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Online me3 game lays out a pathway to college

Students play the me3 college-advising game.

ASU Preparatory Academy seniors Genessis Enriquez (left), 17, and Brooklynn Ingram, 17, look over the me3 college recommendations on an iPad at the online game's official launch Sept. 8 at SkySong Innovation Center in Scottsdale. Enriquez is interested in medical studies, technology or engineering, and Ingram is interested in pursuing a career in health, business, science or food — though she said the me3 game encouraged her to think outside her comfort zone.
Photo by: Charlie Leight/ASU News

September 08, 2015

For ASU President Michael Crow, broadening the pipeline of students who attend college is a personal issue.  Reflecting on his years in high school, Crow lamented that he often lacked the guidance to help connect his experiences to a college education. 

“I was a kid of unbelievable energy, who worked really hard and wanted to go to college,” Crow said. “I would’ve literally died to have a program like this, something to give me advice.”

On Sept. 8, Crow and Arizona State University officially launched the me3 application at the SkySong Innovation Center in Scottsdale. Through a simple online game, me3 pairs students with college majors and gives them insight on what academic path will get them there.

“Me3 is a game to help you find a pathway to college,” Crow said.

Beginning the conversation about college early in high school is important, especially for students who would be the first in their families to attend college but might not be aware of the admission requirements.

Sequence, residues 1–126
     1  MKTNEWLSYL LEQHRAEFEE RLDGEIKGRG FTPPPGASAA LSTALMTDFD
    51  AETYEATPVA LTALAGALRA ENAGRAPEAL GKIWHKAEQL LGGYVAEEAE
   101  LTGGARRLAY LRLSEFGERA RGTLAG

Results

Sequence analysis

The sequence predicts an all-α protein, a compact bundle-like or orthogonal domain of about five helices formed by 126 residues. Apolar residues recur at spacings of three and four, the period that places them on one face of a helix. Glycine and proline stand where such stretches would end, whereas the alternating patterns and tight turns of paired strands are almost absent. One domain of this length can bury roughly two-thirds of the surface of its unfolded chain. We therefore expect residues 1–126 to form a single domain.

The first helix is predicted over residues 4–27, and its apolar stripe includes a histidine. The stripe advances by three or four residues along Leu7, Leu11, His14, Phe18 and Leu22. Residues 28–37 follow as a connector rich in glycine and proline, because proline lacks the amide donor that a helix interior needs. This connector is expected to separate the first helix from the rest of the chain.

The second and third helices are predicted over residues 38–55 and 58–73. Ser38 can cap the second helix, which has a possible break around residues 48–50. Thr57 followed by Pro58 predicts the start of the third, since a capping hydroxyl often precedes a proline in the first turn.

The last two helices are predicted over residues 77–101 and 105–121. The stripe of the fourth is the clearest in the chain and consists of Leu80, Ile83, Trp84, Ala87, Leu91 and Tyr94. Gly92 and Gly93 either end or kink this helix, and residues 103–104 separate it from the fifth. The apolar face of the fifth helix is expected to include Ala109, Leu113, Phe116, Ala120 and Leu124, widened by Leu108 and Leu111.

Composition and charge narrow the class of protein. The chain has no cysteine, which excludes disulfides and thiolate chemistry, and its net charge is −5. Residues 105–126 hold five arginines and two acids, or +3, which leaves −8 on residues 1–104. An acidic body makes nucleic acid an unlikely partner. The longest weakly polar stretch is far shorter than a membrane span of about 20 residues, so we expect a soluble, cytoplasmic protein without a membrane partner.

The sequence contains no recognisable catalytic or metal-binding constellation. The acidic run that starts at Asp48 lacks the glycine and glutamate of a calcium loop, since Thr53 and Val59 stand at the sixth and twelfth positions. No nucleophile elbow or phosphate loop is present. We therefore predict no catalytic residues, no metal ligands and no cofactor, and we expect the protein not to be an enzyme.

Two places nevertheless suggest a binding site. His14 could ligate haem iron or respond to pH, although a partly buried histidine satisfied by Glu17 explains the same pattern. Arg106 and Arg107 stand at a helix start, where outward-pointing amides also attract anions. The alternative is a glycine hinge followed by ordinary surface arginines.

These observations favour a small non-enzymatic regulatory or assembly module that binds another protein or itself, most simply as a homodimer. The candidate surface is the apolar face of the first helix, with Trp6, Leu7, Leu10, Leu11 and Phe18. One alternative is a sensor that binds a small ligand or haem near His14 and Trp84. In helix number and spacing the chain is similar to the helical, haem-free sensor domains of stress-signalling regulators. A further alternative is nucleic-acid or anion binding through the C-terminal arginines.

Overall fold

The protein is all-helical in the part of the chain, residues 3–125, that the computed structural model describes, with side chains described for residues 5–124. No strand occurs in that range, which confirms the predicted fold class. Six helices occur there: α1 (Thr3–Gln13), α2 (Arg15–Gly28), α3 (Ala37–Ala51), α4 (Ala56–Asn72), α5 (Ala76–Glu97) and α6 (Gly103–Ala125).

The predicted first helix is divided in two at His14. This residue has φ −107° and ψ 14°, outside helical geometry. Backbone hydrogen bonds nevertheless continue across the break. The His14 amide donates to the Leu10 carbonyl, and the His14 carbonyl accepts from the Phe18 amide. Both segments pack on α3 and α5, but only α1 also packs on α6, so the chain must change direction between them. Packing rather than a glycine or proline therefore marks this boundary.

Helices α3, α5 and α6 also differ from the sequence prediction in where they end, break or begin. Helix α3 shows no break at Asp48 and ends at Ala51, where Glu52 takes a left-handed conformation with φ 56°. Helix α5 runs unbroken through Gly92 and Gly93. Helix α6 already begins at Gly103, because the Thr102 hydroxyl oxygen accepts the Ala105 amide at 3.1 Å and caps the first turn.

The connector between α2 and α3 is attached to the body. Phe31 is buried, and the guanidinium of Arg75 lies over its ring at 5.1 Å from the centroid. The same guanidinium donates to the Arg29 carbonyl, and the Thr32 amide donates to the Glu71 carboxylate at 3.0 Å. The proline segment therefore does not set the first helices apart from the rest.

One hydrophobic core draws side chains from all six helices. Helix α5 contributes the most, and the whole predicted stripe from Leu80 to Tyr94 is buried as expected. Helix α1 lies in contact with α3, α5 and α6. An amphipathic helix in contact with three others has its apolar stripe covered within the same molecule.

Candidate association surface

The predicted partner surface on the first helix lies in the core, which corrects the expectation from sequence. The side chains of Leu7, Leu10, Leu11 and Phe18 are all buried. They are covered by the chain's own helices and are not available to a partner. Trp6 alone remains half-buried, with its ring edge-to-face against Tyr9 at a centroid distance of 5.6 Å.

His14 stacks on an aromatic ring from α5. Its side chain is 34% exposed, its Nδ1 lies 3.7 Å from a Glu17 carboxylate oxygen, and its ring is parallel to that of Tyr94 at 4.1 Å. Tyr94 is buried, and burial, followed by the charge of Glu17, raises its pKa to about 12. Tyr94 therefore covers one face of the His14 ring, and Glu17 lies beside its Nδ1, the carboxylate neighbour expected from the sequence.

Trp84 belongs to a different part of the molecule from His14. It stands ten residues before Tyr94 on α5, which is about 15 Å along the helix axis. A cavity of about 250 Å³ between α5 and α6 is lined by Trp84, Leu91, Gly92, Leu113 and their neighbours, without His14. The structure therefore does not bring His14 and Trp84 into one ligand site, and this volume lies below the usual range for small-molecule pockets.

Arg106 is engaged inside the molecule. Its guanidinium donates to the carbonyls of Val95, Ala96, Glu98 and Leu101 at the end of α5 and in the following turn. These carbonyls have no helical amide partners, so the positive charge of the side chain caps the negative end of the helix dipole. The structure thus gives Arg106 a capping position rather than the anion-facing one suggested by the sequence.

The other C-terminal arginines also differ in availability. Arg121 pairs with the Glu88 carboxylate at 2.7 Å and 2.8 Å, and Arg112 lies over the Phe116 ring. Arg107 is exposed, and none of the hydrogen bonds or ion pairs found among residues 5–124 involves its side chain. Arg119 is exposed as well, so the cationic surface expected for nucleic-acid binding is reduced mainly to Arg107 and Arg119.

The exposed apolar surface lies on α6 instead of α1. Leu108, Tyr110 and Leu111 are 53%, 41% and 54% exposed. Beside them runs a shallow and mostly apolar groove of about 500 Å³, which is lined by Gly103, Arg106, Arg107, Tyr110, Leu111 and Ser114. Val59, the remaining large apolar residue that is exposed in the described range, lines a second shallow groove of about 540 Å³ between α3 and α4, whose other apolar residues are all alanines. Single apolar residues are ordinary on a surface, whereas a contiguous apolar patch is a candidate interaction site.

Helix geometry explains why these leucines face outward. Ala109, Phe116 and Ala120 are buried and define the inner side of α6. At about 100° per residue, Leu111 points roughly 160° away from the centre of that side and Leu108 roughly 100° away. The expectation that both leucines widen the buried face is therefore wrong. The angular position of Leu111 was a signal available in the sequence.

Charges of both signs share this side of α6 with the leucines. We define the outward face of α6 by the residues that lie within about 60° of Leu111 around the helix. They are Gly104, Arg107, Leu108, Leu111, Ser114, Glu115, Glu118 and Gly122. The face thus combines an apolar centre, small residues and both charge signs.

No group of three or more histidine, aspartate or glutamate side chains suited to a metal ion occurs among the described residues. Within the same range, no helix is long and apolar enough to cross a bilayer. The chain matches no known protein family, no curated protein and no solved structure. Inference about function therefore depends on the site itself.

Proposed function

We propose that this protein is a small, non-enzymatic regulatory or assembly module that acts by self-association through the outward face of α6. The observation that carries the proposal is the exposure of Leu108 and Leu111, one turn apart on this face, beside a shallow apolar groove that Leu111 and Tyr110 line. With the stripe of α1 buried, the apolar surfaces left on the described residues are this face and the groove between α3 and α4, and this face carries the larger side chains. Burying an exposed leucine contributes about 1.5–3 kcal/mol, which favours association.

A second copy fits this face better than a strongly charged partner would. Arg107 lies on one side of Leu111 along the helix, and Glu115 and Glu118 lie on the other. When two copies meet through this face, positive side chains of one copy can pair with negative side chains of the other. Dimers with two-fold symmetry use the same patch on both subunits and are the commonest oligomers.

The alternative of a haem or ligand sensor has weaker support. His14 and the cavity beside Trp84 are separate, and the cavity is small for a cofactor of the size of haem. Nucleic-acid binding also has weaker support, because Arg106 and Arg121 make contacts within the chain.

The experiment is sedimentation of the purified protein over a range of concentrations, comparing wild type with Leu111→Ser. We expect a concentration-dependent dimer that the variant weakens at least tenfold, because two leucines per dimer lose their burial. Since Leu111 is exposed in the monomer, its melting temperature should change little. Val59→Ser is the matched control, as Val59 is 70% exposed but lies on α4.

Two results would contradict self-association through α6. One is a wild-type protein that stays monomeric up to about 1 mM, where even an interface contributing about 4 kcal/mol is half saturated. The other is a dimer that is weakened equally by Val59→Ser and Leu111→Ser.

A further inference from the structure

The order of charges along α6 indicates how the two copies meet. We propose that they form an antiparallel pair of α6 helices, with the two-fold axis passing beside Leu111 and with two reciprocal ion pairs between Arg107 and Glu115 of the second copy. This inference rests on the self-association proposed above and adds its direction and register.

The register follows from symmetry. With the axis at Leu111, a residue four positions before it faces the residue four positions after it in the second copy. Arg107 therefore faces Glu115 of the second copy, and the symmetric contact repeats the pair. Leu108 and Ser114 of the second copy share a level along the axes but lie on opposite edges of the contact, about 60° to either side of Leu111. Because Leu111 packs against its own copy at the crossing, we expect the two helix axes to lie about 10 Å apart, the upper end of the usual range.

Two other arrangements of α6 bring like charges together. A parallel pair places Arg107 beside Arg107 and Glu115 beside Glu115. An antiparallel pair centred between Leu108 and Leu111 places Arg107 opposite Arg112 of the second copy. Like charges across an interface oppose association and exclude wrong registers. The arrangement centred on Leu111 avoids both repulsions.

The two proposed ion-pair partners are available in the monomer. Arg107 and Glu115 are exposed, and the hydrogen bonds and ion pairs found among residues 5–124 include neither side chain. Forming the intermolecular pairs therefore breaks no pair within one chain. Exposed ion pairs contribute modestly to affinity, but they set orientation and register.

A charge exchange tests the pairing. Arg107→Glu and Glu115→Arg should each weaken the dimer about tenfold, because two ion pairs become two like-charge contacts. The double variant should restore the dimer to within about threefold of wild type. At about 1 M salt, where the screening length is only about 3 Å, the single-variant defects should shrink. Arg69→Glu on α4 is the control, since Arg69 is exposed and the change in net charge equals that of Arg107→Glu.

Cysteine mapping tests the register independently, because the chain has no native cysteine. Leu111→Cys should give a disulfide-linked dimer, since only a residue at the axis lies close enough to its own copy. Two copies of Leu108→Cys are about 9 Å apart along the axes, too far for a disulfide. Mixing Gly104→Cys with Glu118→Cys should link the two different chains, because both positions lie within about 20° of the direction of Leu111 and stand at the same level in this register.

In the short me3 game, students choose from a pair of images, which helps the program understand their interests. Based on those interests, me3 recommends several career paths and the most applicable college major.  It then suggests a list of high school courses a student should take and tracks their academic progress. By charting an academic pathway through high school, me3 ensures students complete all requirements to gain admission to college.

Brooklynn Ingram, a senior at ASU Preparatory Academy, got recommendations for careers in engineering and agricultural sciences after playing the me3 game.  Although she hadn’t initially seen herself in either career, she enjoyed learning about both choices and praised the tool for encouraging her to think outside of her comfort zone.

“Once you get your career option, you start to envision yourself in that field,” said Ingram.  “It’s fun to imagine yourself doing the job.”

For guidance counselors like Debbie McKintosh, who works in the Tolleson Union High School District, Ingram’s comments highlight how me3 can be a valuable classroom tool.

“Many students don’t know what questions to ask and what opportunities are available,” McKintosh said.  “It’s not something that many of them get exposed to in their families, but me3 exposes students to these opportunities.

“Me3 changes to conversation to, ‘Yes, I can do this and I want to do this.’ I’m excited to see how me3 helps all students.”

The me3 game can be accessed at